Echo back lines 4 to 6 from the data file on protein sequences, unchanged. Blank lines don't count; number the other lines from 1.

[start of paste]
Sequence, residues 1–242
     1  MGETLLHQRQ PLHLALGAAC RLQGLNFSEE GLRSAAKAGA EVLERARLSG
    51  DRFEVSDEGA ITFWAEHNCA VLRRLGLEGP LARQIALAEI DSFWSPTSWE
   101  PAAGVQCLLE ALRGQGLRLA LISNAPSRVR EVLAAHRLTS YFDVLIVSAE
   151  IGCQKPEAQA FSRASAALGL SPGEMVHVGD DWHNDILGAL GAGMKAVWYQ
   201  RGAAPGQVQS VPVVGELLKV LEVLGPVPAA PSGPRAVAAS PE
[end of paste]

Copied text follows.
   101  PAAGVQCLLE ALRGQGLRLA LISNAPSRVR EVLAAHRLTS YFDVLIVSAE
   151  IGCQKPEAQA FSRASAALGL SPGEMVHVGD DWHNDILGAL GAGMKAVWYQ
   201  RGAAPGQVQS VPVVGELLKV LEVLGPVPAA PSGPRAVAAS PE